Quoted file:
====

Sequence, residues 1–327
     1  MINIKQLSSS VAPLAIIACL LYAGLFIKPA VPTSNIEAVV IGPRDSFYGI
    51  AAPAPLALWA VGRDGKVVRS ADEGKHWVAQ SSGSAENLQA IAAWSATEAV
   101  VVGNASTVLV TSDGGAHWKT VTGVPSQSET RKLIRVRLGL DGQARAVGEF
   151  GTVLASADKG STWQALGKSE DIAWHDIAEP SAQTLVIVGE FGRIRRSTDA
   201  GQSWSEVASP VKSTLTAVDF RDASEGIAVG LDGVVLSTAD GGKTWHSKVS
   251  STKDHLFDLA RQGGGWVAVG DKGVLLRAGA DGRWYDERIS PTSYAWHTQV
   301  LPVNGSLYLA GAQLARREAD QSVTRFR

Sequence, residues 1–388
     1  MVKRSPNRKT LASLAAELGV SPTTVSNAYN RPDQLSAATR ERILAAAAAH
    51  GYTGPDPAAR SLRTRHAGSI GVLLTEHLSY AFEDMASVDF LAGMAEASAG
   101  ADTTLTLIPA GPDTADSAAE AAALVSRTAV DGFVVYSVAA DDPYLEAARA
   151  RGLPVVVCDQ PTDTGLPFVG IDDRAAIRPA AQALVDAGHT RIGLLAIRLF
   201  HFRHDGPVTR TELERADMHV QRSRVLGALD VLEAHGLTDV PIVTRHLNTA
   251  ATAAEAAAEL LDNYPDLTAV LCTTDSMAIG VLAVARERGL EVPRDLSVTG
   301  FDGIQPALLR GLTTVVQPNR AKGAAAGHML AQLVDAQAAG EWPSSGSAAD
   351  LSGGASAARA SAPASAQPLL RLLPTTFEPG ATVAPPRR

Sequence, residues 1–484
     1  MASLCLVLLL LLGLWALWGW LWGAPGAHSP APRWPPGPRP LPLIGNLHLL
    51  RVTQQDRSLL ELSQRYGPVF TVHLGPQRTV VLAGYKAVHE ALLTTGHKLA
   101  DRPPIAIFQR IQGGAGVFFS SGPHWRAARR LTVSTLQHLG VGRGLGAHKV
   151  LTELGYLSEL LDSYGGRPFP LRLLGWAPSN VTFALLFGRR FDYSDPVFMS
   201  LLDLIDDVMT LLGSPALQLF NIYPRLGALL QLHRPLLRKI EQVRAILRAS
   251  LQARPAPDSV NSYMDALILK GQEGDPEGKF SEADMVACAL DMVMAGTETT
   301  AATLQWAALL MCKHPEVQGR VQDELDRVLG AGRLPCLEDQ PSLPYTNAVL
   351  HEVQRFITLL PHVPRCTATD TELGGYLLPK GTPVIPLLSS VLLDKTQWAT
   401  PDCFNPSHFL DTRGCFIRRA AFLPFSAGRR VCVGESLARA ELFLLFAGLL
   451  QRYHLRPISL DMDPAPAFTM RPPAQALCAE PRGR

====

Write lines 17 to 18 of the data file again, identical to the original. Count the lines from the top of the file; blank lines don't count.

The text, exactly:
   351  LSGGASAARA SAPASAQPLL RLLPTTFEPG ATVAPPRR

Sequence, residues 1–484